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Power Factors and the Efficient Pricing and Production of Reactive Power

Sanford V. Berg with the assistance of Jim Adams and Bob Niekum

Year: 1983
Volume: Volume 4
Number: Special Issue
DOI: 10.5547/ISSN0195-6574-EJ-Vol4-NoSI-6
No Abstract



Reactive Power is a Cheap Constraint

Edward Kahn and Ross Baldick

Year: 1994
Volume: Volume15
Number: Number 4
DOI: 10.5547/ISSN0195-6574-EJ-Vol15-No4-9
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Abstract:
Hogan (1993) has proposed a version of marginal cost pricing for electricity transmission transactions that include a component for reactive power to support voltage at demand nodes. His examples support the notion that the cost of satisfying voltage constraints can be quite high. We show that in his simplest example the price on this constraint results from an uneconomic and artificial characterization of the problem, namely an inefficient and unnecessarily constrained dispatch. By eliminating this characterization, the price of reactive power falls to a very modest level. Our counterexample has implications for the institutional arrangements under which transmission pricing reform will take place. We believe that environment will be an open access competitive setting, where dispatch is still controlled by one group of participants. Manipulation of marginal transmission costs becomes quite feasible in complex networks through subtle changes to dispatch. Therefore an open access regime using marginal cost pricing must involve either some kind of monitoring and audit function to detect potential abuses, or alternatively, institutional restructuring to eliminate conflicts of interest.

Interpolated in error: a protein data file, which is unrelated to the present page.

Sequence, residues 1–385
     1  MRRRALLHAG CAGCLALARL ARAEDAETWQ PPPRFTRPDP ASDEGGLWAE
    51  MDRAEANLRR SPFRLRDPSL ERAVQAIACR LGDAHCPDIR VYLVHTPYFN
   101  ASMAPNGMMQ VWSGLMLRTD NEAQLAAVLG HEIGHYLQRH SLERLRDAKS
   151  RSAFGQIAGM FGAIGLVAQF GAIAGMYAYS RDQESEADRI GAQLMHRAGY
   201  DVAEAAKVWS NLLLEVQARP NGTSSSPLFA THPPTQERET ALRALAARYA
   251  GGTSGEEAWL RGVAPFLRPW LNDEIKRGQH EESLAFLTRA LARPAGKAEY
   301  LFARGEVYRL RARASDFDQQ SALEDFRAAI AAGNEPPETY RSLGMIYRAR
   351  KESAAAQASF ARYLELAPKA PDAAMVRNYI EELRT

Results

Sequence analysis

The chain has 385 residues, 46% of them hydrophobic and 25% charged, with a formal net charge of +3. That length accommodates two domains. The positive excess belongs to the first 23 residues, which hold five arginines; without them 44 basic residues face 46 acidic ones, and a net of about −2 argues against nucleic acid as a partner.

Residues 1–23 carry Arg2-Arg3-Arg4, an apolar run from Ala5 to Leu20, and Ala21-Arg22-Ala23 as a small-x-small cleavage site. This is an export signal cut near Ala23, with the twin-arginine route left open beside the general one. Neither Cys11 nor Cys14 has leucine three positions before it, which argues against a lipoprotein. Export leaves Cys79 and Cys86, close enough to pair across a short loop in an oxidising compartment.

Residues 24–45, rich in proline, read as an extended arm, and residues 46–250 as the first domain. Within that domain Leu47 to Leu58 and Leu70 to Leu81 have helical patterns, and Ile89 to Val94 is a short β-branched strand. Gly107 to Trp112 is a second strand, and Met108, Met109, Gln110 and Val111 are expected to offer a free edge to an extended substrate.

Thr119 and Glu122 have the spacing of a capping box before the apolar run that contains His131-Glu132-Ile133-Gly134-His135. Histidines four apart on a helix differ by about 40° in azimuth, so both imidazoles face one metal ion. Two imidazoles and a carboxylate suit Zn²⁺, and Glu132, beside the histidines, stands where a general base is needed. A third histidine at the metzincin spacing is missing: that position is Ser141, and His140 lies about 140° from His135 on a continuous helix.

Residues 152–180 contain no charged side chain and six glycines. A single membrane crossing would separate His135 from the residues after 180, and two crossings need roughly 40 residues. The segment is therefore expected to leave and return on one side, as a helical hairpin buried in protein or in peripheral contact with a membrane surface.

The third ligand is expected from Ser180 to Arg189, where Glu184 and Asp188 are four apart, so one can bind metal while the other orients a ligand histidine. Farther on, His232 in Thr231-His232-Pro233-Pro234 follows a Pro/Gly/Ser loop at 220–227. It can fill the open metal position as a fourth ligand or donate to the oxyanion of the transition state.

Competition in Markets for Ancillary Services? The Implications of Rising Distributed Generation

Michael G. Pollitt and Karim L. Anaya

Year: 2021
Volume: Volume 42
Number: Special Issue
DOI: 10.5547/01956574.42.SI1.mpol
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Abstract:
Ancillary services are electricity products which include balancing energy, frequency regulation, voltage support, constraint management and reserves. Traditionally they have been procured by system operators from large conventional power plants, as by-products of the production of energy. This paper discusses the use of markets to procure ancillary services in the face of potentially higher demand for them, caused by rising amounts of intermittent renewable generation. We discuss: the nature of markets for ancillary services; what we really mean by ancillary services; how they are impacted by the rise of distributed generation; how they are currently procured; how they relate to the rest of the electricity system; the current state of evidence on ancillary services markets; whether these markets ever be as competitive as conventional wholesale energy markets, and offer some conclusions.





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